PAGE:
Posts Tagged ‘Business’

Finding the Best Web Designer

Thursday, May 13th, 2010

Why Are Web Designers Such Flakes?  A Reality Check.

Circling the drain of unresponsive or missing in action web designers is a common dilemma.  The Question is this:  As a self-respecting author with a plan and a purpose, how do you choose a designer you can afford and rely upon?

As a small publisher, or self-published author, you are faced with the high-cost of publishing a book.  Your ever-growing budget includes editors, book cover and interior design, maybe a book coach or adviser, printing costs, fulfillment needs, marketing … my goodness, where does it end?  When does the author start making money?  Well, this is a question for another article all together. The point here is, how much should you allocate to the added expense of (more…)

Buying Stock Images—Have We Met before?

Wednesday, April 21st, 2010

I’ve always advocated the use of images to break up text on the screen and draw attention to your words. After, all a picture’s worth a 1,000 words right? Well yes, but, here’s an interesting thought. What if everyone is using the same photo? What then?

Since I opened my design house (Monkey C Media) in 2004 I’ve become acutely aware of how common stock images are worldwide. One micro-stock house is iStock.com – which of course is an inexpensive place to buy royalty free stock photography and images. It’s a great tool for finding just the right image to place on your postcard, website, in blog posts, and even on your book cover. Unfortunately, the secret is out.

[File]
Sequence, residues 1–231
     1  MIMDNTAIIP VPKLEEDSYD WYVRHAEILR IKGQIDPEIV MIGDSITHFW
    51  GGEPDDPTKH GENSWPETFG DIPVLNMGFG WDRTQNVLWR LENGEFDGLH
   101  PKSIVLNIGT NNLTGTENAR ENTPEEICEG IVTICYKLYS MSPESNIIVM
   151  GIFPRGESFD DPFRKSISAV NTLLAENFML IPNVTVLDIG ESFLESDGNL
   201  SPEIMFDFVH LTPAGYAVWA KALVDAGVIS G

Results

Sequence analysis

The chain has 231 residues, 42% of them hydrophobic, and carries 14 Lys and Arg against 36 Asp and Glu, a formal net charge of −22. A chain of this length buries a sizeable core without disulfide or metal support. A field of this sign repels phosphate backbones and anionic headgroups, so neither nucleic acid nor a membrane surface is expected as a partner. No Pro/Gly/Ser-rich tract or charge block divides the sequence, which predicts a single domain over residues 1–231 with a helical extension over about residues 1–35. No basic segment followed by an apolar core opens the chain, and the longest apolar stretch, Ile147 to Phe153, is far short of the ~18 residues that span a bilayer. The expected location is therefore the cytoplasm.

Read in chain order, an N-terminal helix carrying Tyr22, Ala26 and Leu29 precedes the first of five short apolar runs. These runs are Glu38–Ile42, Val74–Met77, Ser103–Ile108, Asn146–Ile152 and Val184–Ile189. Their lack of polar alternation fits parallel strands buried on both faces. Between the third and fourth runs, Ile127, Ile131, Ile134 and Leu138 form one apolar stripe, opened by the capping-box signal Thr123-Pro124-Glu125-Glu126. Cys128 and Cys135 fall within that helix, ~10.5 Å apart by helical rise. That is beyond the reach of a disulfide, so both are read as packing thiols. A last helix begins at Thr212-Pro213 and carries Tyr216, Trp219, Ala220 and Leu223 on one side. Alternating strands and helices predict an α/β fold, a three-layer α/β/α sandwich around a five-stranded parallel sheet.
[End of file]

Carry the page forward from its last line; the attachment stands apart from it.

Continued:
It’s kind of creepy. Everywhere I go I see the same five people advertising myriad products and services. They are on billboards, in magazine ads, on the home page of medical sites, attorney websites, family counseling sites, and believe it or not, I’ve even seen these same people posing as the legitimate owners of various companies. These people really get around.

Stock images are a necessary evil; they make it possible for anyone to buy relatively high-quality images to promote themselves. So, what do you do? First, check and see how many downloads your desired image has had before choosing it to represent your company. Second, look into a more exclusive stock house like Getty Images where the images will be more expensive, but the usage way lower. Third, consider hiring a photographer. When it comes to your brand, the investment will be worth it.

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Be One With Your URL

Monday, April 19th, 2010

Word to the Wise: Don’t lose your URL. Many people are tempted to purchase a URL (domain name, like www.Jeniffer Thompson.com for example) for five years or more so they don’t have to think about it again. Well guess what—you do want to think about. I can’t tell you how many calls I’ve received from someone whose website went down because they let a URL expire. What’s worse, is that most of those people had no idea where they purchased the URL or how to get it back.

Quick TIP: if you can’t remember where you purchased your URL, you can find out here: http://whois.domaintools.com. This website will tell you who purchased it, when it expires/expired, and most importantly the email associated with that URL.

How does this happen? Well, a Registrar will notify you that a URL is getting ready to expire, but if you no longer use that email address, you’ll never get the notification. Once a URL expires, you have 30 days to get it back, otherwise it becomes available for purchase from anyone. Yikes.

With time, URLs become “seasoned.” This means that they are ranked and indexed by search engines like Google. This takes time and is valuable to your Internet Marketing efforts. If you lose your URL, you’ll have to start all over and that is, well, that’s unnecessarily tragic.

So, don’t think of your URL as something you need to buy and forget, think of it as your anchor, the foundation for all of your work. Without it, things begin to crumble, if not completely crash.

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